Code of Ethics

of the

Texas Association of Judiciary Interpreters & Translators

 

Preamble

Many persons who come before the courts are non- or limited-English speakers.  The function of court interpreters and translators is to remove the language barrier to the extent possible, so that such persons' access to justice is the same as that of similarly situated English speakers for whom no such barrier exists.  The trust that is placed in court interpreters and the magnitude of their responsibility necessitate high, uniform ethical standards. This Code sets forth fundamental ethical precepts for all court interpreters and translators to follow thus encouraging them to develop their own, well-informed ethical judgment.  It is this Association's intent that all members shall strive to uphold and defend this Code of Ethics.

Applicability

TAJIT members must comply with this Code.

 

CANON 1.  ACCURACY AND COMPLETENESS

Source language speech should be faithfully rendered into the target language, conserving all the elements of the original message while accommodating the syntactic and semantic patterns of the target language.  The rendition should sound natural in the target language, and there should be no distortion of the original message through addition, omission, explanation, or paraphrasing.  All hedges, false starts and repetitions should be conveyed. English words mixed into the other language should be retained, as should culturally bound terms which have no direct equivalent in English, or which may have more than one meaning.  The register, style and tone of the source language should be conserved. Guessing must be avoided.  Court interpreters who do not hear or understand what a speaker has said shall seek clarification.  Interpreter and/or translation errors must be corrected for the record as soon as possible.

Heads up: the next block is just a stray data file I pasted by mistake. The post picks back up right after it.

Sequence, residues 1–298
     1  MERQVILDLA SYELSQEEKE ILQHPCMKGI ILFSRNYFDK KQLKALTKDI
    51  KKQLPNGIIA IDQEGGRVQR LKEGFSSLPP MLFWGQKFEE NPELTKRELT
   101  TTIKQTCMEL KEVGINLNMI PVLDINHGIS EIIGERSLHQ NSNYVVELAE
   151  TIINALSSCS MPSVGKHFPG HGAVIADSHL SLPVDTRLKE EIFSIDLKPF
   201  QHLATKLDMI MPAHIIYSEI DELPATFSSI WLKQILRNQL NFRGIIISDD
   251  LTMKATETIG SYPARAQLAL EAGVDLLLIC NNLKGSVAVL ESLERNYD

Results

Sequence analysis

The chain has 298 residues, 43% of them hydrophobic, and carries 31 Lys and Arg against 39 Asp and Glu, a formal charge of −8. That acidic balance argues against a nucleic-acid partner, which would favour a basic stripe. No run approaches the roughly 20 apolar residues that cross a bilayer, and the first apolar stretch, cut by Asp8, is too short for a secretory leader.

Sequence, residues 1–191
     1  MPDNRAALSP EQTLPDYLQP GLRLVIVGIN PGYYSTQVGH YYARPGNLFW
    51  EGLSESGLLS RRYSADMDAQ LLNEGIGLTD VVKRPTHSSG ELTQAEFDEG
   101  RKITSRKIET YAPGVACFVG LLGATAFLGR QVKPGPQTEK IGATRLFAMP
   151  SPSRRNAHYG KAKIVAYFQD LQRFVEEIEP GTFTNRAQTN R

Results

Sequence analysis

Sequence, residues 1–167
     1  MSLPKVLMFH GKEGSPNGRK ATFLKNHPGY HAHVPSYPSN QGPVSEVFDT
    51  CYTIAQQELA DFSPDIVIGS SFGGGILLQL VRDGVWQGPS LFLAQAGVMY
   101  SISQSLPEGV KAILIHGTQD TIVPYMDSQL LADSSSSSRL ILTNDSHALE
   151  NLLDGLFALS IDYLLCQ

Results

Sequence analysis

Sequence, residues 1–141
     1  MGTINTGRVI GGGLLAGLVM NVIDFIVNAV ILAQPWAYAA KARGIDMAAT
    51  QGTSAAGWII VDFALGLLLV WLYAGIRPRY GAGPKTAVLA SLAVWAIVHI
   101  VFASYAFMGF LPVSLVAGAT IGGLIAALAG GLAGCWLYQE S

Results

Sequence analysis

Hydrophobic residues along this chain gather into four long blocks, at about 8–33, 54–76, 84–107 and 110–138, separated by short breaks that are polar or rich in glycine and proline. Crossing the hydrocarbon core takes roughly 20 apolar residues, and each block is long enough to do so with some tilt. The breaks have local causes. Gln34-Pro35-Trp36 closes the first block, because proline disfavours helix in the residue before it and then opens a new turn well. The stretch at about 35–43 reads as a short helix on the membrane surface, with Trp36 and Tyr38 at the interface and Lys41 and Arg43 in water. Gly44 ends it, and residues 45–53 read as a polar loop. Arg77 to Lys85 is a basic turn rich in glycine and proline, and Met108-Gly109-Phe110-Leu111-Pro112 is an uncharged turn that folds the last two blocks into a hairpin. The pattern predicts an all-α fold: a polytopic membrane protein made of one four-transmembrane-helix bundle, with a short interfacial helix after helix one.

CANON 2.  IMPARTIALITY AND CONFLICTS OF INTEREST

Court interpreters and translators are to remain impartial and neutral in proceedings where they serve, and must maintain the appearance of impartiality and neutrality.  Court interpreters and translators shall abstain from comment on cases in which they serve.  Any real or potential conflict of interest shall be immediately disclosed to the Court and all parties as soon as the interpreter or translator becomes aware of such conflict of interest.

 

CANON 3.  CONFIDENTIALITY

Court interpreters and translators shall not disclose or make use of privileged or confidential information acquired in the course of interpreting or translating, or in the course of preparation thereof, unless ordered to do so by the Court or when it is required by Law.

 

CANON 4.  LIMITATIONS OF PRACTICE

When acting as a court interpreter and/or translator, all members shall limit their participation in those matters in which they serve to interpreting and translating, and consequently shall not give advice to the parties or otherwise engage in activities that can be construed as the practice of law.

 

CANON 5.  PROTOCOL AND DEMEANOR

Court interpreters and translators shall conduct themselves in a manner consistent with the standards and protocol of the court, and shall perform their duties as unobtrusively as possible.  Court interpreters are to use the same grammatical person as the speaker.  When it becomes necessary to assume a primary role in the communication, court interpreters and translators shall make it clear that they are speaking for themselves.

 

CANON 6.  MAINTENANCE AND IMPROVEMENT OF SKILLS AND KNOWLEDGE

Court interpreters shall maintain and improve their interpreting skills and knowledge.

 

CANON 7.  ACCURATE REPRESENTATION OF QUALIFICATIONS

Court interpreters and translators shall accurately represent their certifications, accreditations, training and pertinent experience.

 

CANON  8.  IMPEDIMENTS TO COMPLIANCE

Court interpreters and translators shall bring to the Court's and/or the parties' attention any circumstance or condition that impedes full compliance with any Canon of this Code.  Said impediments include, but are not limited to: lack of team interpreting, interpreter fatigue, inability to hear, inadequate knowledge of specialized terminology, health issues or concerns, inadequate preparation time in order to provide a true and accurate rendition. The court interpreter and/or translator must decline assignments if conditions exist that make compliance with this Code of Ethics patently impossible.